How can these aims be achieved? Modernisation of the global trade system was a recurring theme throughout the conference – necessary to help reduce the cost and complexity of trade and level the playing field for stakeholders across the industry. Examples include the ICC Digital Trade Standards Initiative, which is already working to bring down barriers and inform trade industry standards, and the ICC Global Alliance for Trade Facilitation, through which ICC provides technical assistance to implement customs reforms and basic, simplified payments. WTO reform was also top of mind – with speakers highlighting the need for a modern, reformed and fit-for-purpose organisation to support global trade.

The WTO has already made its intentions clear, with Deputy Director-General Alan Wolff noting in September 2020 that “Ongoing WTO reform efforts will be crucial to restoring confidence in the system's ability to meet the needs of its users and adapt to changing economic realities,” but cautioning that “the full range of challenges […] cannot, and will not, be addressed overnight.”1

The last major update to the WTO rule book came in 1994, when the internet was in its infancy. It is now time, said Banga, for the organisation to update its framework to accommodate both the developments of the past 25 years, such as the rise of e-commerce, and those of the near future, including the fourth industrial revolution (4IR).

Building back better, together

Al-Benyan of the B20 touched on similar points in his keynote speech, emphasising the need for collaboration and reform as tools for building a sustainable, digitalised and inclusive trade ecosystem. Covid-19 has changed the way we do business worldwide, highlighting the fault lines in international trade and the delicate interdependence that exists across global value chains.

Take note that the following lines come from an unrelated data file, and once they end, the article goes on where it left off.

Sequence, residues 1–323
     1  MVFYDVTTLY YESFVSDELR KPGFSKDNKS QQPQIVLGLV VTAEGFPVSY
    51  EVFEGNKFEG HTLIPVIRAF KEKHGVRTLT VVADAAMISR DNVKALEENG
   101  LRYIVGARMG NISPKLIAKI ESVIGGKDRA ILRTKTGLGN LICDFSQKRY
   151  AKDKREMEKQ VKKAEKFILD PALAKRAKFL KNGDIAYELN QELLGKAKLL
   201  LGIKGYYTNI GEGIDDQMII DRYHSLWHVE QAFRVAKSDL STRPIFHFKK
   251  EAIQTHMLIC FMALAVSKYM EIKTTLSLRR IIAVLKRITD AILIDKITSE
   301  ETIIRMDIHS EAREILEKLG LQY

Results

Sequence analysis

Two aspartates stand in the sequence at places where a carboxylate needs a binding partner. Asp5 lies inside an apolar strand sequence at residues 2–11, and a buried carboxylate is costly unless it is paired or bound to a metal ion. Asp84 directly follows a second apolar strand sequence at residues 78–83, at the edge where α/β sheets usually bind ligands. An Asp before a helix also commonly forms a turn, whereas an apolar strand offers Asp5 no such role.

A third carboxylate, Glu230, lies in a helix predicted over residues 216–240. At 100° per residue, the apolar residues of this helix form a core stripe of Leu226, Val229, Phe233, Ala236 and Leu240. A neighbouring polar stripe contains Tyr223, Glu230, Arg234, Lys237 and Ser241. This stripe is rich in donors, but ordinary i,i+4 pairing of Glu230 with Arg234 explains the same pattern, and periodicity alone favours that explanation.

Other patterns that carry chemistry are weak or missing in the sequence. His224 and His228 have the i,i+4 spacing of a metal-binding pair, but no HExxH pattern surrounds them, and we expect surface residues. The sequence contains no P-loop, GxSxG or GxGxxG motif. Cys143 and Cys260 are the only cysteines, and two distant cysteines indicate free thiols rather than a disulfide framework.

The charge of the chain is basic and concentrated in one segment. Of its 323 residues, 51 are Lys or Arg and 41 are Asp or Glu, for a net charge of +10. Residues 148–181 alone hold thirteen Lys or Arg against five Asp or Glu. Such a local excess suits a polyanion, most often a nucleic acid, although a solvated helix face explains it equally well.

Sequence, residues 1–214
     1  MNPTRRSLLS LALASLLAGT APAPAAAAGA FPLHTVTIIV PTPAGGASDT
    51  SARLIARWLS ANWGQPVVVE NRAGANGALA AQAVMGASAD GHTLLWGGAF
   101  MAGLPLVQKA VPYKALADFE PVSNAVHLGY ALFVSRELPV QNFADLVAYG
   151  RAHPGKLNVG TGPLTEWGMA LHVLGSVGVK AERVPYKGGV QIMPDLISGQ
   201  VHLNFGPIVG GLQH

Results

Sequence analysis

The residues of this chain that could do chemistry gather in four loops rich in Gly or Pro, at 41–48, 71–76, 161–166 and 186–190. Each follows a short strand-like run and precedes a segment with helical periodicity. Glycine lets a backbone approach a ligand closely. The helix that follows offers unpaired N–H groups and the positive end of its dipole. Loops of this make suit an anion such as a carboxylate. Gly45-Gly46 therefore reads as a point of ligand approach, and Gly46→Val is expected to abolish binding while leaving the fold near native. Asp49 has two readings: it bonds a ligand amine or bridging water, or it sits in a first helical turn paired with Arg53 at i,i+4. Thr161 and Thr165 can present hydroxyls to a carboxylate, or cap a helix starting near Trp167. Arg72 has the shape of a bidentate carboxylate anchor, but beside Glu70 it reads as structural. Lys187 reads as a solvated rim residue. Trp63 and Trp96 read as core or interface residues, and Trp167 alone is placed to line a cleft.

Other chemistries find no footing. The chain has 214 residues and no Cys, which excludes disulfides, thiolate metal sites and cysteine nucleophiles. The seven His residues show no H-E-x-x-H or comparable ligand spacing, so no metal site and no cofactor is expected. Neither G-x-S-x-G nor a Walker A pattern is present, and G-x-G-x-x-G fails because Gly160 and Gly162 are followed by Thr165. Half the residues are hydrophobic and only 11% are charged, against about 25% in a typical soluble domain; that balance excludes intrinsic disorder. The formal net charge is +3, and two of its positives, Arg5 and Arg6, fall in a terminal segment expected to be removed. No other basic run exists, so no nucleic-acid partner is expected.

“With additional supply chain disruptions, which have limited cross-border trade and investment, many experts are sounding the alarm for the end of globalisation,” he explained. With border closures slowing not only the flow of people, but also of critical goods and services – at a time when they are most needed – caution is required.

Deglobalisation, however, is not the answer to the system’s current problems, Al-Benyan argued. On the contrary, to make the world a better place, cross-industry and cross-border collaboration is needed. No one nation or group can do it alone.

“The pandemic has demonstrated how interconnected we are, and the responsibility we all share in making the world a better place. As such, globalisation is not only about advancing political policies and business objectives. It is about us, as united nations, building back and better,” he stressed.

Yousef Abdullah Al-Benyan, Chair B20"The pandemic has demonstrated how interconnected we are, and the responsibility we all share"
Yousef Abdullah Al-Benyan, Chair B20

Significant strides have already been made towards these objectives, as ICC United Kingdom’s Drechsler pointed out later. “All the ingredients that have made progress possible over recent decades, and at faster rates, are the very ones that we can use to recover from Covid-19. […] we should look forward with pride and confidence in the fact that business, in collaboration with universities, and enabled by governments will deliver technologies and solutions for more effective test, track and trace, deliver better treatments for Covid- 19 and importantly, deliver the vaccine to deal with Covid-19.”